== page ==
OAKLAND -- Kelly Nguyen, whose parents fled war-torn Vietnam 25 years ago and ended up living in West Oakland, always wanted to go to college.

Soon, she will start as an undeclared major at San Diego State, taking health science courses. She'll do it with $16,000 in her college bank account and a strong, supportive "sister mentor," all provided by the East Bay College Fund.

"I'm from a low-income family, and I am the first generation to go to college," Nguyen said on May 29 at Mills College, where she received her award from the fund during a ceremony for recipients. "The mentoring will especially help me focus on school."

East Bay College Fund awarded 50 Oakland students scholarships this year, amounting to about $1 million in support of young people in the city. Fund leaders, which first awarded seven scholarships and provided the same number of mentors in 2002, say 24,000 mentor hours will be donated during the these students' college lives.

"Each one of these students is going to make $1 million more over their career because they went to college," East Bay College Fund Executive Director Diane Dodge said. According to the fund's statistics, 80-90 percent of their supported college students graduate, far surpassing the general public's 20 percent graduation rate. And after graduation, many of the students come back to Oakland to work, volunteer and give money.


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"It's not only about the $16,000. This will change the status of their families forever," Dodge said. "This is a real strategic way of improving Oakland and supporting Oakland's students and families."

The East Bay College Fund doesn't have a major angel donor. The nonprofit organization is supported by community donations, small fundraising events and individual donations of as little as $20. Some organizations take on the $20,000 it takes to get one student started in the program. Mentors volunteer their time.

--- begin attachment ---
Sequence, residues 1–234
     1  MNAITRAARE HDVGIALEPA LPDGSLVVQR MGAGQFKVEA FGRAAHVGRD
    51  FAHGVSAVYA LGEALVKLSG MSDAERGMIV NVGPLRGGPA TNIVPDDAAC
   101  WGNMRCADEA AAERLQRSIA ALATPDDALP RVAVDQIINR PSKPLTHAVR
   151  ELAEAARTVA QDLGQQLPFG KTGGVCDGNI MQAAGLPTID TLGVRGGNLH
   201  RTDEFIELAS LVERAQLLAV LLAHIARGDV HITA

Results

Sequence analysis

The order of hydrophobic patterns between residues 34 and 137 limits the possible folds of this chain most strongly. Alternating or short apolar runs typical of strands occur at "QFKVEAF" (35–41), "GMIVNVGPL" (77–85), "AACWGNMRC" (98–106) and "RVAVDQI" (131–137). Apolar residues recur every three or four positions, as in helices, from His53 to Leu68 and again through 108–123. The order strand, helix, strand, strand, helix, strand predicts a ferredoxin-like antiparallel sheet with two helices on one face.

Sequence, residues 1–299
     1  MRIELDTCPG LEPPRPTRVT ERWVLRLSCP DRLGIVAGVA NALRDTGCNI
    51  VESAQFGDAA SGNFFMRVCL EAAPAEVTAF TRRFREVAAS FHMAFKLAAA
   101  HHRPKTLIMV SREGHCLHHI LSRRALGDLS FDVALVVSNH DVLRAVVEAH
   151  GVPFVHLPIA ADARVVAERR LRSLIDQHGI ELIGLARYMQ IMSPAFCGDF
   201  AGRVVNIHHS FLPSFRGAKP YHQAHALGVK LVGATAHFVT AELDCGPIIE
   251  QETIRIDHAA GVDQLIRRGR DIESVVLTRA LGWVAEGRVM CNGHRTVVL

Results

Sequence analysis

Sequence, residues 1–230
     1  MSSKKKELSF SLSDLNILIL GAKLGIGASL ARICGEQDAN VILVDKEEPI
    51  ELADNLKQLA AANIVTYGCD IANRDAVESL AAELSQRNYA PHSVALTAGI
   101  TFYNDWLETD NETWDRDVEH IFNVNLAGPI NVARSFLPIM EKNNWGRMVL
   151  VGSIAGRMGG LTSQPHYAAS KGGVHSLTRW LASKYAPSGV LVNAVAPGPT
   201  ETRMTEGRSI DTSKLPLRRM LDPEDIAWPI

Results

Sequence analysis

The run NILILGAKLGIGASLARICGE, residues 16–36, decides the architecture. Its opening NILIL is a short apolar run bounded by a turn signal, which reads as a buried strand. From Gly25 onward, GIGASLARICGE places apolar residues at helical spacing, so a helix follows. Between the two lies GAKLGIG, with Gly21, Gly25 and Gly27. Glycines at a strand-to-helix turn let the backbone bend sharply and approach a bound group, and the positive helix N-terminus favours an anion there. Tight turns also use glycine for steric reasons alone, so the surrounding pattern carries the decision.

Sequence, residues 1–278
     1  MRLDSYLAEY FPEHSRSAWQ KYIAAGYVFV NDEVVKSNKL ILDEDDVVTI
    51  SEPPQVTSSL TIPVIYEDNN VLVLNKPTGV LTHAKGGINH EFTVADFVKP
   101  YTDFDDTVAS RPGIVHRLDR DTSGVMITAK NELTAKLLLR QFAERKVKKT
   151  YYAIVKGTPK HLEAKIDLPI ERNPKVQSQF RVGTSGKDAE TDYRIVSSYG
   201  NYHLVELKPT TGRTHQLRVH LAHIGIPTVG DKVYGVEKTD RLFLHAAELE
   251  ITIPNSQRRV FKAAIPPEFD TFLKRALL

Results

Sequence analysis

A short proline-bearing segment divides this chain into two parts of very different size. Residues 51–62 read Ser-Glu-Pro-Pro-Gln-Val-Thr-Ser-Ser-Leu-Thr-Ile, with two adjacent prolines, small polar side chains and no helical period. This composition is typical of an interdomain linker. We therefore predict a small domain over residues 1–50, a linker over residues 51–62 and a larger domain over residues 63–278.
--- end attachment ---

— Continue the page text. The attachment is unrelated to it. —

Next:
Marquisha Williams-Dupree, 22, received the money and support from East Bay College Fund four years ago and is now graduating from UC Merced with a degree in sociology. Being a first-generation college student, navigating the college system herself -- from registering for classes to staying on top of her studies -- would have been nearly impossible without her East Bay College Fund mentor's guidance.

"They've supported me the entire time I've been in college," she said. "I consider them to be a second family."

More than 500 Oakland students applied this year to receive a grant and mentoring from the East Bay College Fund. Fund staff interviewed 130 students and had the hard task of narrowing down the candidates to 50 award winners. Fund leaders were not always awarding students with the highest GPAs, Dodge said -- instead, the main attributes that tended to set some students apart were resiliency, a real desire to go to college and a college plan. Most students were recommended by a teacher.

Michael Yussuf-Mounthault, who is pursuing legal studies at UC Santa Cruz, said the award and mentoring will help him on his path to perhaps become an attorney.

"It basically means me having a strong foundation and being connected to someone who has gone through what I am going through," he said.

Yussuf-Mounthault's father, Titi Yussuf, said although his son is an excellent student whom he's really proud of, the money and the mentorship will give him an extra push to succeed.

"This is uncharted territory for some of the students and some of the parents," Yussuf said. "He'll know he's not alone."

Charmaine Chui's day job is to teach young people about healthy romantic relationships through a nonprofit organization that provides alternatives to domestic violence. Chui said she became Kelly Nguyen's mentor because she doesn't think, historically, underprivileged students have had role models to help them get through college.

"College is so confusing sometimes," Chui said. "Having a consistent adult mentor can really help navigate the whole process. It makes all the difference in the world."

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